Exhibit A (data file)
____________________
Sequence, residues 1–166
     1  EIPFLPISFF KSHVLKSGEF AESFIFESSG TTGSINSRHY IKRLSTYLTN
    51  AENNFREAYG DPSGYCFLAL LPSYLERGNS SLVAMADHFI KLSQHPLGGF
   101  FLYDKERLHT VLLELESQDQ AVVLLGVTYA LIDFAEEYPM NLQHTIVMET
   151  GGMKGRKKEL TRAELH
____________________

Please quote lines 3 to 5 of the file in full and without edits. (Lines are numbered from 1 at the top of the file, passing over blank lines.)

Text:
    51  AENNFREAYG DPSGYCFLAL LPSYLERGNS SLVAMADHFI KLSQHPLGGF
   101  FLYDKERLHT VLLELESQDQ AVVLLGVTYA LIDFAEEYPM NLQHTIVMET
   151  GGMKGRKKEL TRAELH